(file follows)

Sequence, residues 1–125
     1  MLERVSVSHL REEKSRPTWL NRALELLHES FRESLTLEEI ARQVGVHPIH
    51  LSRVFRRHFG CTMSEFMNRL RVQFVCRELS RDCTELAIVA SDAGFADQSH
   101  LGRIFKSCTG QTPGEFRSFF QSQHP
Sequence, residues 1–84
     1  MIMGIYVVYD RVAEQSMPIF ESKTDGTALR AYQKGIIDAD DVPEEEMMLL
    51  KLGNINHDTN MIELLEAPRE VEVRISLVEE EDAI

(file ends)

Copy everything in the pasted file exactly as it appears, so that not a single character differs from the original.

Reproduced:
Sequence, residues 1–125
     1  MLERVSVSHL REEKSRPTWL NRALELLHES FRESLTLEEI ARQVGVHPIH
    51  LSRVFRRHFG CTMSEFMNRL RVQFVCRELS RDCTELAIVA SDAGFADQSH
   101  LGRIFKSCTG QTPGEFRSFF QSQHP
Sequence, residues 1–84
     1  MIMGIYVVYD RVAEQSMPIF ESKTDGTALR AYQKGIIDAD DVPEEEMMLL
    51  KLGNINHDTN MIELLEAPRE VEVRISLVEE EDAI